Science, Politics, and U.S. Democracy: Unless Scientists and Policymakers Learn to Work Together Effectively, Both Domains Will Suffer

By Branscomb, Lewis M. | Issues in Science and Technology, Fall 2004 | Go to article overview

Science, Politics, and U.S. Democracy: Unless Scientists and Policymakers Learn to Work Together Effectively, Both Domains Will Suffer


Branscomb, Lewis M., Issues in Science and Technology


Political manipulation of scientific evidence in the interest of ideological convictions has been a commonplace of the U.S. democracy since the end of World War II. In 1952, the incoming secretary of commerce, Sinclair Weeks, fired Alan Astin, director of the National Bureau of Standards, after the Bureau's electrochemists testified for the Federal Trade Commission and Post Office in a suit to stop a small Republican manufacturer from Oakland, California, from fraudulent advertising. The Bureau found that the product, a battery additive called ADX-2, was worthless, and over time would actually harm a battery. Because the administration believed that caveat emptor should take precedence over a laboratory analysis of the product, the Bureau's work came into conflict with the ideology of the Eisenhower administration. Senate Republicans accused the government scientists of not taking the "play of the marketplace" into account in their research. This became a raging controversy that was eventually resolved by Astin's vindication and reinstatement as well as the dismissal of the undersecretary who had urged the firing of Astin in the first place. In January 1973, President Nixon abolished the White House Office of Science and Technology (OST) and the President's Science Advisory Committee (PSAC), when some scientists spoke out publicly against the president's plans for funding the supersonic transport and the antiballistic missile system. Congress and President Ford subsequently reinstated the office by statute.

Both parties have occasionally yielded to the temptation to punish scientists who objected to government policy by cutting their research funding. President Johnson is said to have personally scratched out certain academic research projects because of the researchers' opposition to the war in Vietnam. When President Carter took office in 1977, his Department of Energy (DOE), during the furor over the energy crisis, inherited a study called the Market Oriented Program Planning Study (MOPPS), which found both lower projected demand and a greater abundance of future natural gas supply than the "Malthusians" found acceptable. DOE reportedly sent the study back to the MOPPS team several times, seeking an assessment of future energy resources more acceptable to the administration. They finally ordered the study removed from the shelves of depository libraries, forced the resignation of the director of the U.S. Geological Survey, and removed Christian Knudsen from his position as director of the MOPPS survey.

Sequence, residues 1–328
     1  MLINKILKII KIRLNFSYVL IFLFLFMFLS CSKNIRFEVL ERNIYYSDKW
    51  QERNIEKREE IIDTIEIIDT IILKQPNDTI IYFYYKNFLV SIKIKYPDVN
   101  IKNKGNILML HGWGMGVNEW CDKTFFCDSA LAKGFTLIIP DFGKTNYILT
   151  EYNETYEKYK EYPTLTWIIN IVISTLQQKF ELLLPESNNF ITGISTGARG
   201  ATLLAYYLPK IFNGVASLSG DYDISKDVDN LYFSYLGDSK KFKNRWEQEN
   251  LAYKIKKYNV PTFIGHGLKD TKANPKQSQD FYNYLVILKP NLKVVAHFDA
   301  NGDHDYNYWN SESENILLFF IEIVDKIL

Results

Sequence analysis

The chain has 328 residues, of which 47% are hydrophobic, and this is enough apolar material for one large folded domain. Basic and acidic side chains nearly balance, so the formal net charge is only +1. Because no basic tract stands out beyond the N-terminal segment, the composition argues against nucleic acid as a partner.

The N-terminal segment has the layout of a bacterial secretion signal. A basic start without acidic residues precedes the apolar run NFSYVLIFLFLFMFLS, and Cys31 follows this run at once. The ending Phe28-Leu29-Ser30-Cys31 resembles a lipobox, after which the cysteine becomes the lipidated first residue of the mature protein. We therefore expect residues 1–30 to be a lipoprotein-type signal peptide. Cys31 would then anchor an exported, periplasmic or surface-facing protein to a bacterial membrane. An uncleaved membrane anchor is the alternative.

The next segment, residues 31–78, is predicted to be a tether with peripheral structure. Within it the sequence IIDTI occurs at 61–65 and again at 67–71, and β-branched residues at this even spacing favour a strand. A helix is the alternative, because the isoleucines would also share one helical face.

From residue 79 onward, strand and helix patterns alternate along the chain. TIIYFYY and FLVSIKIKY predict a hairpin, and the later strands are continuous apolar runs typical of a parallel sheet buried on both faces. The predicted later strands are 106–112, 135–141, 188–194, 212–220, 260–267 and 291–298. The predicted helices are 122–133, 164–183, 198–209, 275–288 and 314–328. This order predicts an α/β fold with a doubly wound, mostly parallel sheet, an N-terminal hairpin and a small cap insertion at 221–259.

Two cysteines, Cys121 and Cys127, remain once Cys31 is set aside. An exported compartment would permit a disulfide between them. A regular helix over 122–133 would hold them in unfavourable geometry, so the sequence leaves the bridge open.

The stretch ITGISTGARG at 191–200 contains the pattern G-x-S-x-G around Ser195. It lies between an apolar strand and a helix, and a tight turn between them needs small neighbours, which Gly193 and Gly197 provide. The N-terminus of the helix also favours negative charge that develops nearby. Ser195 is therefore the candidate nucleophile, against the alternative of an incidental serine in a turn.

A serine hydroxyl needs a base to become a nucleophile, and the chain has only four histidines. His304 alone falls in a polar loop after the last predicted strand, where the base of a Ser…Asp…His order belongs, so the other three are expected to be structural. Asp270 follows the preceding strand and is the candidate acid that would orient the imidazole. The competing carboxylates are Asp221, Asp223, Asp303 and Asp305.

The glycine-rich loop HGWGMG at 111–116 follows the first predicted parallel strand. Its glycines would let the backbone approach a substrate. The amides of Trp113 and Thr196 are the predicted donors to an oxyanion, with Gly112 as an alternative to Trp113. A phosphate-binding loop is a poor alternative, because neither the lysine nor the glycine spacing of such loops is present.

But the past two years have been unique in the number, scope, and intensity of press reports and scientists' allegations of political interference with the processes for bringing objective scientific information and advice to government policy decisions. The most extensive compilation and interpretation of the allegations of misuse of science advice by the Bush administration is that produced by the Union of Concerned Scientists (UCS); a similar compilation is available on the Web site of Rep. Henry Waxman, ranking member of the Committee on Government Reform. These accusations include suppression or manipulation by high ranking officials of information bearing on public health and the environment, replacement of experts on advisory committees when their views came into conflict with industry or ideological interests, screening of candidates for such committees for their political views, and the deletion of important scientific information from government Web sites. Although a response to the UCS report by the director of the Office of Science and Technology Policy (OSTP) disputed some of the details, the controversy between the scientific community and the administration is not so much over whether these events occurred but rather on the interpretation that should be placed on them and what they might mean for the future of the nation's democracy.

Were these cases examples of unacceptable interference by government officials with entrenched political or ideological positions, resulting in their corruption of otherwise objective science advice? …

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